The European Union has so far secured 600 million coronavirus vaccine jabs, and despite criticisms over the slow rollout in a number of member states, vaccination programmes are well underway.
More will follow as other vaccine candidates such as the Moderna one are approved, and the bloc currently has enough doses in the pipeline to immunise some 80% of its population, according to European Commission president Ursula von der Leyen.
This follows a pattern for non-EU high-income countries in Europe, such as Switzerland and the UK, which have secured large numbers of jabs for their populations in bilateral deals with manufacturers.
But those on the lower-income scale in the European neighbourhood are lagging behind.
Brussels has pledged to help out, especially the Western Balkan nations who are attempting to join the union, and all of them are signed up to COVAX, the global programme to get vaccinations to all countries regardless of their ability to pay.
Being reliant on COVAX alone will, according to the scheme itself, at best provide just 20% immunisation coverage across a country’s population by the end of the year.
EU pledges to share vaccines with ‘the neighbourhood’
Earlier this month, while announcing 300 million more doses for the EU, von der Leyen said the EU was securing more doses than it would need, and that it would be helping out its neighbours.
The Western Balkan countries to the bloc’s east have already been promised a €70 million pot to allow them to participate in the EU’s vaccine rollout.
This would act as a sort of bridge, between now and when the COVAX scheme begins to deliver jabs to partner countries.
However this EU scheme is still under development, so the details of how countries outside of the EU will get hold of EU vaccine stock are yet to be seen.
In the meantime EU countries are rolling out their vaccination programmes, while those on the outside wait for COVAX to start, or try to sign their own bilateral deals with manufacturers.
Edi Rama, Albania’s prime minister, last week hit out at Brussels over its “morally and politically unacceptable” vaccine rollout, accusing countries of taking an “everyone for themselves” attitude.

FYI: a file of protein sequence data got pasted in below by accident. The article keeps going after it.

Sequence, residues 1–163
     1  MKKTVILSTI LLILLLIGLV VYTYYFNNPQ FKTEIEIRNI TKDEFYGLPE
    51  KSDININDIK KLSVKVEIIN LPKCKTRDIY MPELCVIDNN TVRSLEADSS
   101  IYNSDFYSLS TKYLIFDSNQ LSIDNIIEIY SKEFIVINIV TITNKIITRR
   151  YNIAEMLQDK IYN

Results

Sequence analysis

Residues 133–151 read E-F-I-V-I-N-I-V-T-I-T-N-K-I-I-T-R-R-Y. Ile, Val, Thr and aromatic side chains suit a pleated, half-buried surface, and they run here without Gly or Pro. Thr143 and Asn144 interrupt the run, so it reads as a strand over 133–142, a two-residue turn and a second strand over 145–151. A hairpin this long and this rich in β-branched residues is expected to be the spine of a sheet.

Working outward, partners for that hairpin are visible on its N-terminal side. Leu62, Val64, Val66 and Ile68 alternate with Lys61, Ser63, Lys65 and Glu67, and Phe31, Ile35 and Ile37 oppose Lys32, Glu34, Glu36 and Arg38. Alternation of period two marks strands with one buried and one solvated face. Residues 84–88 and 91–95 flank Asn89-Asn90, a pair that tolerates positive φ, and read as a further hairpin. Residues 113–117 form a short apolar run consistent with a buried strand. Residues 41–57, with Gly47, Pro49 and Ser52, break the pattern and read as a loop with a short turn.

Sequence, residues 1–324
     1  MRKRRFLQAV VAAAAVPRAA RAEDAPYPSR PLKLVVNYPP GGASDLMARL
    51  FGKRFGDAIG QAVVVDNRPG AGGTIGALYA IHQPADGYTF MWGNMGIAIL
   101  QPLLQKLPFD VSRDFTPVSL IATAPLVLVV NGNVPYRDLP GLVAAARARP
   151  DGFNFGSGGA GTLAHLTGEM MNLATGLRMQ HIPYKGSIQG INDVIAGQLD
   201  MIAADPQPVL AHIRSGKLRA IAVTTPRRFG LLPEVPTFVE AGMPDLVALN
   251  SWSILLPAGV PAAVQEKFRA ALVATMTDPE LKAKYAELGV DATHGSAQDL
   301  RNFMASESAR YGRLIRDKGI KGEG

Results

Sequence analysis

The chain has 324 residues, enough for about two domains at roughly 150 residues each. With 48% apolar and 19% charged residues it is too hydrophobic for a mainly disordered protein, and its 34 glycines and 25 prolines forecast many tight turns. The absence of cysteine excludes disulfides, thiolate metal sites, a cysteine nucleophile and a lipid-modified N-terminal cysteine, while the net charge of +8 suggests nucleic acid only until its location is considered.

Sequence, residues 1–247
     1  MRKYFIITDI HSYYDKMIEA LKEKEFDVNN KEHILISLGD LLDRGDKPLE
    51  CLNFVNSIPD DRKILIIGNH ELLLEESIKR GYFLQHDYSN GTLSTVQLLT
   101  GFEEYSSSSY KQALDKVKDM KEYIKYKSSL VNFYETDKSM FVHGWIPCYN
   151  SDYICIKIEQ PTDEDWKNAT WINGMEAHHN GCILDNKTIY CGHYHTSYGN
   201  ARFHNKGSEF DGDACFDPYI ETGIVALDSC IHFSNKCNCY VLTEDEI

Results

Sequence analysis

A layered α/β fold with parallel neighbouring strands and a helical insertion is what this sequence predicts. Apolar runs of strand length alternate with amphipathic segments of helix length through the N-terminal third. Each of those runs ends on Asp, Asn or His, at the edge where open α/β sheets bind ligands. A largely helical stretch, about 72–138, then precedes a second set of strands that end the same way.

Engjellushe Morina, senior policy fellow at the European Council on Foreign Relations, says the Albanian PM may be “overreacting a bit for PR purposes”, but she does point out the EU may have missed an opportunity to bolster relations with its nearest European neighbours to the east.
“It’s bad timing for Europe to build its credibility in the region. People were so pro-EU a few years ago and now that’s not the case, and with these new developments it doesn’t look so great,” she tells Euronews.
Europe has “missed another opportunity” which she says is a “recurring theme”.
“What would have been great but highly unlikely is that western Balkan countries were included in the Commission’s economic recovery plan. The next step is these countries should have been included in the vaccine planning, in a timely manner, but instead this is what they get, they get €70m and everything is being delayed.”
Varied picture across Balkan states
“Fear, uncertainty and a feeling of vulnerability are dominating public discourse in the region at this time,” says Srdjan Majstorovic, chairman of the governing board of the European Policy Centre, a Serbian think tank.
Serbia was the first Western Balkan nation to start giving jabs, starting last year in fact, before the EU.
More than 20,000 Serbians have received the vaccine, and on the weekend the country received a shipment of one million doses of the Chinese Sinopharm vaccine – enough for 500,000 people.